The incredible shrinking surplus is upon us, moving in briskly and proving larger than expected. Even more incredible-though shrinking fast-it is still the second largest surplus in U.S. history, thanks to the end of the cold war and to the fiscal responsibility of the Clinton administration and the last several Congresses. Why is the surplus shrinking?
As many economists predicted, the Bush tax cut, accounting for two-thirds of the decline, has taken a large chunk of federal funds. Declining tax revenues caused by the slowing economy accounts for the other third. But if the surplus is so big, why worry? Because, first, most of the surplus belongs to Social Security and Medicare and, in theory and recent practice, has been kept in the famous "lock-box" by both Democrats and Republicans; and second, President George W. Bush and Congress have spending plans that, if passed, would bring on deficit spending.
The meaning of these volatile trillions and their relation to the budget process and the future of Social Security and Medicare is difficult to grasp. Such large amounts of money (some of it mere projection) and the complexity of the federal budget lead many people to look at the consequences of a revenue shortfall (what will happen?). But some attention needs to be paid to how this happened.
For many Americans those consequences focus on Social Security and Medicare. Will there be enough for baby-boom retirees if the current surpluses in these funds are used to make up the difference between government revenues (now declining) and government expenditures (likely to increase)? Current Medicare recipients want to know if there will be any real money for the prescription-drug benefit in bills now pending before Congress.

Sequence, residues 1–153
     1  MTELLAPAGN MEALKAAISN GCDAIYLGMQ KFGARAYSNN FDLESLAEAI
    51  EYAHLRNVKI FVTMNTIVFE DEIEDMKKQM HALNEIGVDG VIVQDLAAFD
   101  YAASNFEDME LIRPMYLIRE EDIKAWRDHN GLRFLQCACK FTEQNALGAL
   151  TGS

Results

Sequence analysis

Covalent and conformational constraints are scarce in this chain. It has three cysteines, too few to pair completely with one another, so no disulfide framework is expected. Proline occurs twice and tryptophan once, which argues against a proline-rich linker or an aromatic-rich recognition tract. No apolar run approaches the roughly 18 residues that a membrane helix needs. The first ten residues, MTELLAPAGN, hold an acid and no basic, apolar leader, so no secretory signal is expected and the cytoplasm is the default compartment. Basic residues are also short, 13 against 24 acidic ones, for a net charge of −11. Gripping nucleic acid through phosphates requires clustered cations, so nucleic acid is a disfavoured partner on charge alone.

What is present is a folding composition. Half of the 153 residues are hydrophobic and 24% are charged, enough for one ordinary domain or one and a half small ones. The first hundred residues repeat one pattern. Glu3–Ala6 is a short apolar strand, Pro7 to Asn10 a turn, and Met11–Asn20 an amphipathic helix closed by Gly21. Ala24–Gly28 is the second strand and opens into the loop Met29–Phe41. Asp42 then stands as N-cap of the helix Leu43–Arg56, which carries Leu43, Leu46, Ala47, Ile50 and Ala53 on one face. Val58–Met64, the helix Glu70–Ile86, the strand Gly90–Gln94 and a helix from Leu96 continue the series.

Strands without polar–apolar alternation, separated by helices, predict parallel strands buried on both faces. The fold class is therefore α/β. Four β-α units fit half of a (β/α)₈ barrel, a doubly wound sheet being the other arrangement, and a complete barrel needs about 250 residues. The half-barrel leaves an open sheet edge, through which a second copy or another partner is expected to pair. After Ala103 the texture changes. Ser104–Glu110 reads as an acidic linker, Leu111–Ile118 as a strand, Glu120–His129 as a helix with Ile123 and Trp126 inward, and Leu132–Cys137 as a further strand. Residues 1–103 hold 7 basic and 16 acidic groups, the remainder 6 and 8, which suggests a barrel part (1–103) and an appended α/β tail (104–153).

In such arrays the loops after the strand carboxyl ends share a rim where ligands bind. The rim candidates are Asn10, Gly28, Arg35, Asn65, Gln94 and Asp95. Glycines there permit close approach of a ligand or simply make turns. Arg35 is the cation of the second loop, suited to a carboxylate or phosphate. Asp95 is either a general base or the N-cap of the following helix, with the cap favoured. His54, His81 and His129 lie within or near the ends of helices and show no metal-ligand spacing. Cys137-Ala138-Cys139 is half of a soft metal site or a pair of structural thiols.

Meanwhile, parents of school-aged children want more money for smaller classes, better teacher preparation, and the technology and information that will give their children a real chance at the jobs of the future. And then there are what appear to be somewhat more esoteric concerns. For example, what is to become of stores of weapons-grade plutonium from U.S. and Russian nuclear weapons that were scheduled to be "immobilized" or recycled as nuclear reactor fuel? The Bush administration says the United States cannot now afford the promised cleanup; certainly the Russians cannot. Closer to home, the Welfare Reform Act must be revisited and perhaps revised next year, in the midst of what may be a very, very sluggish economy with its predictably higher welfare rolls. The list goes on.
In light of the shrinking surplus, what are Bush’s concerns? His priorities, he says, are spending on the military and on education. He has asked Congress to make those its priorities too. In fact, the president seemed to take inordinate pleasure in the "straitjacket" that the shrinkage will bring to federal spending-"incredibly positive news," he said. It will curb the propensity he sees in the House and the Senate to waste the taxpayers’ money-not something he plans to do himself, of course. While crowing about coming tax cuts, especially to the most well-off Americans, he is pressing for money to increase the military budget and to begin building the missile shield for which he and Secretary of Defense Donald Rumsfeld are aggressively lobbying. Who would be surprised if education spending (to which the federal government contributes less than 10 percent, in any case) were to be sacrificed to securing the military funds the administration insists it needs to protect the United States from terrorists and rogue nations?